The Public Prosecutor
Imprisonment for one year and three months for long-term abuse of three children committed by their father
In its judgment in the appeal case, the High Court considered that T had repeatedly and often during a long period of time up to his arrest on 7 June 2010 slapped his three boys, born in 1991, 1994 and 1996, across their faces and bodies and pulled their ears and their necks. Also, he sometimes pushed them hard and tore them off a chair, he punched their bodies and faces and hit them with a belt across their bodies, he put pepper into their mouths to punish them and several times he forced the oldest boy to sit with his knees on top of his hands on a tile floor, which caused him severe pain. These acts of violence had generally only resulted in red bruises and scratches. The High Court had not indicated the length of the period, but it must be assumed to have been at least 10 years, which is most of the boys' childhood. There had been long periods without violence, but the acts of violence had been regularly occurring during the entire period. The Supreme Court held that although the acts of violence taken alone were covered by s. 244(1) of the Danish Penal Code, abuse had also been committed, cf. s. 245(1). The abuse and force committed (s. 260(1)(1)) involved a number of uniform and continuous acts which were so interrelated that they had to be regarded as a continued offence, meaning that no constituents of the offence were statute-barred. Also, T had been found guilty of infringement of s. 123 of the Penal Code by having threatened the oldest boy to thrash and kill him if he reported the violence to the police on two occasions. Finally, T had been found guilty of infringement of s. 266 of the Penal Code by having threatened his wife, H, to thrash and kill her on several occasions.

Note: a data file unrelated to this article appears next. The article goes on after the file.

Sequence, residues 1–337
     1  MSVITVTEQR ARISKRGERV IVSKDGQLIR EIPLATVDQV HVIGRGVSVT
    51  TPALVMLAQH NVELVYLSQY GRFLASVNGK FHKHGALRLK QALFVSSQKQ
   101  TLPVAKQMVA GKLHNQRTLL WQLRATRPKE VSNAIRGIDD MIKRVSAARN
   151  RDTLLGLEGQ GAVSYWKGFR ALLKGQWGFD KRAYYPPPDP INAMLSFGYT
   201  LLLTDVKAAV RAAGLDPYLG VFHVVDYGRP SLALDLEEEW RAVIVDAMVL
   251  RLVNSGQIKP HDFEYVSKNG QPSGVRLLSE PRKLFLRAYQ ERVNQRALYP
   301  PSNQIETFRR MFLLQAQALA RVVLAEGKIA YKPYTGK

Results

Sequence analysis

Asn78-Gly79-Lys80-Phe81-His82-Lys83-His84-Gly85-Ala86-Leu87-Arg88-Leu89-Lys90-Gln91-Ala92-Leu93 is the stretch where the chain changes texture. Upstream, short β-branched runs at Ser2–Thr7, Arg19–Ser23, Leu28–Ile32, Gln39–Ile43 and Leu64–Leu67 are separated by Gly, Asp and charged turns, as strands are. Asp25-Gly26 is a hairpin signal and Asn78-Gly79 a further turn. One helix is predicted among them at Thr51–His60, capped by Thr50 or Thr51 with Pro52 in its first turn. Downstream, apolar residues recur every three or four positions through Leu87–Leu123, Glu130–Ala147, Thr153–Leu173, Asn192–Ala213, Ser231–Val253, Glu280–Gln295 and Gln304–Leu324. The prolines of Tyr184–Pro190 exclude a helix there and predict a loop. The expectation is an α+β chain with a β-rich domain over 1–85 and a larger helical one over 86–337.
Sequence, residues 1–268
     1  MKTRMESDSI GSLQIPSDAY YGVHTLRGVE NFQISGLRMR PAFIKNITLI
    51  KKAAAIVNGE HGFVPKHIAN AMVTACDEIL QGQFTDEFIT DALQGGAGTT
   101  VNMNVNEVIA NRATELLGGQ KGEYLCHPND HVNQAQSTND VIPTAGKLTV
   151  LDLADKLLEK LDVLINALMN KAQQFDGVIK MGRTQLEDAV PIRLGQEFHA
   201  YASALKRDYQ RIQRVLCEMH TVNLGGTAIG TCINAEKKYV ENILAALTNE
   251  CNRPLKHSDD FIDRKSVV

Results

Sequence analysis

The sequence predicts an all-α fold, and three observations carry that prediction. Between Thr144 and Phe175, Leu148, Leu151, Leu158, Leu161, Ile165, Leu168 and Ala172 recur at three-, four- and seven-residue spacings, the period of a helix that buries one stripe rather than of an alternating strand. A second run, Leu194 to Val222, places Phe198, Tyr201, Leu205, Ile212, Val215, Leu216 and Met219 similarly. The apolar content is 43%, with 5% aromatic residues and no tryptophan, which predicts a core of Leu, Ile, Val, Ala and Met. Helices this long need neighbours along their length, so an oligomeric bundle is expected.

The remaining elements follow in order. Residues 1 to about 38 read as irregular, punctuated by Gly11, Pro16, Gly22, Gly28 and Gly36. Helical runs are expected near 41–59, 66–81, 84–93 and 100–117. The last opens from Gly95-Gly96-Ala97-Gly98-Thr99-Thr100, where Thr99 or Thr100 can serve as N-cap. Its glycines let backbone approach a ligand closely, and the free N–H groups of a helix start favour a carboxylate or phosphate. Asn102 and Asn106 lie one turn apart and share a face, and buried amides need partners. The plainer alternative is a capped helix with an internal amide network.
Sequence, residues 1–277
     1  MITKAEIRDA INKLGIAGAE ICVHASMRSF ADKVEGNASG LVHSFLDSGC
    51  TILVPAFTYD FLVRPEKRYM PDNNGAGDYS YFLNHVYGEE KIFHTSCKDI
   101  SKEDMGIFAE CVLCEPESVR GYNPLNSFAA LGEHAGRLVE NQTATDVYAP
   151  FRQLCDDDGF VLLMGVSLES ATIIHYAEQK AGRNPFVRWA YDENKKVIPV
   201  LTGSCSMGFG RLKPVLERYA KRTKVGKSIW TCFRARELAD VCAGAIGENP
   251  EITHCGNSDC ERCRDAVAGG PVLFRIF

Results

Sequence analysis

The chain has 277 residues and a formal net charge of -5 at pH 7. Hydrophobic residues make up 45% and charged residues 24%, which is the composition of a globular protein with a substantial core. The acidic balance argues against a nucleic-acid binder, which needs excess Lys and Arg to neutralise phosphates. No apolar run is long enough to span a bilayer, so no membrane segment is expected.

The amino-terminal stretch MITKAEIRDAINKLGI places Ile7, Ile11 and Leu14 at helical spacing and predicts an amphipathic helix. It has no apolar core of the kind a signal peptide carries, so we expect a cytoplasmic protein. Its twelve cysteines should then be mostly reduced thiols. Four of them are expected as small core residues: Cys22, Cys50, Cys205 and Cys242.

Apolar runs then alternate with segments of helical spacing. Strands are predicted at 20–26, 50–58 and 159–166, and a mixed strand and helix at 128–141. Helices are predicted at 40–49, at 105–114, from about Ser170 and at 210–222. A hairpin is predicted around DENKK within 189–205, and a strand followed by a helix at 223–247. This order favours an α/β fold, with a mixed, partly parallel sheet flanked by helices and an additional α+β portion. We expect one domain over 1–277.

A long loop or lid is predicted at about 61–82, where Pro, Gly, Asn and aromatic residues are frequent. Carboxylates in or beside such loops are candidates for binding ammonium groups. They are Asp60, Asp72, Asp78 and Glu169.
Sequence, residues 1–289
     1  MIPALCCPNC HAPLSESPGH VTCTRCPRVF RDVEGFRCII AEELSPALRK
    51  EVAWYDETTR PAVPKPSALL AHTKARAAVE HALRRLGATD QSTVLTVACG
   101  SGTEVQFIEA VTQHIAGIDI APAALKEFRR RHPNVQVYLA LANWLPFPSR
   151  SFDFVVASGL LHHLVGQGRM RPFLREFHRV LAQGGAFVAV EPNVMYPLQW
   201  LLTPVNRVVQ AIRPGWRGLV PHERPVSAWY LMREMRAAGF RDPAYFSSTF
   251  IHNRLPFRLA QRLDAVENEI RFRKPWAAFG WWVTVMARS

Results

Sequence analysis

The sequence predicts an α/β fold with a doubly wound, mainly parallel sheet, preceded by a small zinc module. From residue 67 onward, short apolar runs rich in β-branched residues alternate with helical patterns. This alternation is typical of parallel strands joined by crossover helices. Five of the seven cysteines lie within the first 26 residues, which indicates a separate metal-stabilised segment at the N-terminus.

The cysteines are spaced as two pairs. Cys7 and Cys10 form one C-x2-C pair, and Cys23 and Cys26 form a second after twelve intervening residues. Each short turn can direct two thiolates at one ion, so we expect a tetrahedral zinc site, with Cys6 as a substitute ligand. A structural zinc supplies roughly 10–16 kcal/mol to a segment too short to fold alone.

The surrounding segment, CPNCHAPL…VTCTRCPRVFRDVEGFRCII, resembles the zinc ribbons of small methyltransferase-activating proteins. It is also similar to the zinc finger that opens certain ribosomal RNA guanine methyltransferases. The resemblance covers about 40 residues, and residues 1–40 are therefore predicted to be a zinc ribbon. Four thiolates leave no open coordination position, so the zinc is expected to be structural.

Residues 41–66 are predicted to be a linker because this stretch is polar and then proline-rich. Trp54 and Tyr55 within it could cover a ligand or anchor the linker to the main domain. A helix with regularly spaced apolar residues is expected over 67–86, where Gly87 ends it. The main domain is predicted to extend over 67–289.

T had no criminal record. The Supreme Court sentenced him to imprisonment for one year and three months.
In 1990, T, who was a Portuguese citizen, came to Denmark, and in 1991, he married H, who was a Danish citizen. In 1996, he was granted a permanent residence permit. An expulsion decision would be in contravention of Article 28(3)(a) of the EU Residence Directive, as it was not based on imperative grounds of public security, and for this reason alone, T was not sentenced to expulsion.
The High Court had reached a different conclusion, as the acts of violence had not been regarded as abuse, just as it did not find that a continued offence had been committed. For this reason, a number of the counts had been regarded as being statute-barred after five years, and T had been sentenced for imprisonment for 10 months.